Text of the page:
Today is Cinco de Mayo, the holiday commemorating Mexico’s victory over the French at the Battle of Puebla in 1862 (not Mexican independence day, which many people seem to believe). And while you might typically guzzle margaritas in celebration (no judgment!), if you’re looking for a less tenacious hangover tomorrow, you might want to opt for some Mexican wine instead.
Yes, that’s right, Mexico makes wine! In fact, the oldest winery in North America is Mexico’s Casa Madero near the Texas border in Parras de la Fuente, which was founded in 1597. For context, that’s the same year Romeo and Juliet was originally published. Huzzah!
Mexico’s most established wine region, however, is Baja California’s Guadelupe Valley, just about two hours south of San Diego, where there are about 50 wineries.
The oldest is Bodegas Santo Tomás, which was founded way back in 1888, though missionaries had been cultivating vines here since the 18th century. Among the varieties you’ll find in the area are Chardonnay and Sauvignon Blanc among the whites, and Cabernet Franc, Cabernet Sauvignon, Merlot, Syrah and Tempranillo among the reds.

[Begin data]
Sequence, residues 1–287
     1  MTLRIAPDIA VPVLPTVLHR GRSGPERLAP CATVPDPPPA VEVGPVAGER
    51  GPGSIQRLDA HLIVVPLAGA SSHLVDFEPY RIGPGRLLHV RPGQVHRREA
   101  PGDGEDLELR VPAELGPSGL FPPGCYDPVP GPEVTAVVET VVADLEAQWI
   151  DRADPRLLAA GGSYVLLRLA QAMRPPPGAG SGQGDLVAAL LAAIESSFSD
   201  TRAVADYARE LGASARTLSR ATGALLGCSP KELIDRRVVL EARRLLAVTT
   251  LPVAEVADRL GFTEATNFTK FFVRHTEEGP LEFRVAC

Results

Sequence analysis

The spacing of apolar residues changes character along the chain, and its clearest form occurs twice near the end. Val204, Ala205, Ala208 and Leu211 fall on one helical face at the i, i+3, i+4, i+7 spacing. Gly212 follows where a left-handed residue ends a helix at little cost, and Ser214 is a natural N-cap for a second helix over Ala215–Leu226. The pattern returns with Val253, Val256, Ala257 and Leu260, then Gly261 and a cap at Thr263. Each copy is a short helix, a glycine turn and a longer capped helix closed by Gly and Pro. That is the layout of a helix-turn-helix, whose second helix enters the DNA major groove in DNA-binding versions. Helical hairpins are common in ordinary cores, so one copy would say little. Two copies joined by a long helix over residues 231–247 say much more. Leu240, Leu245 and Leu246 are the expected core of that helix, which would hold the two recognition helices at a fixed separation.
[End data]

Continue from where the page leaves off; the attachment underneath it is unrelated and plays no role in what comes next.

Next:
Before you start clearing out too much room in your wine fridge, keep in mind that Baja produces about half of a percent of the amount of wine California makes, so you still won’t find too many around outside of Mexico. However, their popularity and availability are starting to grow.
There are larger wineries like LA Cetto and Domecq to visit, but try to make your way to smaller premium brands like Monte Xanic or Casa de Piedra (and find their bottles in your high-end wine store). Personally, I like Monte Xanic’s Sauvignon Blanc. It is crisp without being teeth-squeakingly so, and has some lovely tropical flavors. Casa de Piedra’s Vino de Piedra is a muscular blend of Cabernet Sauvignon and Tempranillo, and is one of the area’s cult wines.
If you try some Mexican wines for Cinco de Mayo, be sure to tweet me about it @clustercrush!